Beethoven rolls over as syllabus gets jazzed up

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The Independent Online
JAZZ GREATS including Duke Ellington, Louis Armstrong and Thelonius Monk are pushing aside Bach, Beethoven and Mozart in school music lessons.

Children as young as eight are studying exam pieces by Miles Davis and Charlie Mingus as the popularity of blues, be-bop and boogie-woogie soars among music teachers and pupils. Nearly 1,300 children have taken piano exams at grade one to five after just one year of teaching, putting jazz on a par with classical courses, and sales of coursebooks have exceeded 100,000.

The Associated Board of the Royal Schools of Music, which administers school music exams, may now extend its pioneering jazz syllabus to a range of new instruments next year. Charlie Beale, professor of jazz piano at the Royal College of Music and co-ordinator of the new courses, said: "There is no hostility to jazz at all [from the classical music establishment]. Maybe it's because of the Blair generation of parents who were 17 to 25 in the late 1960s and have kids between 10 and 15. They have no problem with jazz. It has gained a respectability compared with rock, pop and dance music and has a Radio Three-ness about it."

Jazz courses are a far cry from the classical grades known to generations of schoolchildren. Learning to read music is optional, with children instead encouraged to learn in the time-honoured jazz fashion of listening to recordings by the greats.

Improvision is compulsory, even in the most basic grade one exams, where children have to perform five "solos" in their 10-minute rendition of tunes such as Miles Davis' Jean Pierre or Charles Mingus' O Lord Please Don't Let Them Drop That Atomic Bomb on Me.

Other jazz greats on the syllabus include the saxophonist Sonny Rollins and the pianist McCoy Tyner.

Study aids include CD recordings of a backing band so children can get into the groove while practising their riffs. By contrast, traditional classical grades include sight reading and the theory of music. The introduction of the new courses followed a gradual move from traditional classical instrument teaching in schools.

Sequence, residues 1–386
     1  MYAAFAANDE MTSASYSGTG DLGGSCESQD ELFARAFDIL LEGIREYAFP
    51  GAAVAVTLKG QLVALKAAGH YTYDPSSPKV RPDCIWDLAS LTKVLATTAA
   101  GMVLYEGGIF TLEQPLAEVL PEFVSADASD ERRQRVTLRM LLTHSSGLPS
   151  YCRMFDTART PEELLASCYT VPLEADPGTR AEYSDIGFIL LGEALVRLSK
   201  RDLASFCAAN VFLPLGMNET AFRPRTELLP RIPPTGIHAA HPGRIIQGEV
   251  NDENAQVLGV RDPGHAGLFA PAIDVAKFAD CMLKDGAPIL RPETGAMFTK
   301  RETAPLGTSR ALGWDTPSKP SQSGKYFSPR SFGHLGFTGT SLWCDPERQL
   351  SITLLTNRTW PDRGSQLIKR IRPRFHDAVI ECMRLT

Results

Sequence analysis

A survey this year found more secondary schools were offering electric guitar lessons than teaching piano. Only 55 per cent of schools said they had an orchestra, down from 66 per cent six years ago. Professor Beale said: "The exciting thing is that people get off on the music. There are people buying CDs and listening to them.

"There's a revolution going on. There's no requirement to read stave notation, although people can if they want to; we advise everybody to learn this music from the CDs.

"When we started this, the assumption was that it would be a slow build- up as teachers got used to the music. But the books have been running out of music shops around the country. It's pretty clear there's something going on."

Cool Tunes For Children

Grade 1: Charles Mingus: O Lord Don't Let Them Drop That Atomic Bomb on Me. Miles Davis: Jean Pierre

Grade 2: Charlie Parker: Now's the time

Grade 3: Benny Goodman: A Smooth One. Dizzy Gillespie: Birk's Works

Grade 4: Duke Ellington: I'm Beginning to See The Light. Miles Davis: Freeloader

Grade 5: Miles Davis: All Blues. Sonny Rollins: Oleo. Billy Strayhorn: Take the A Train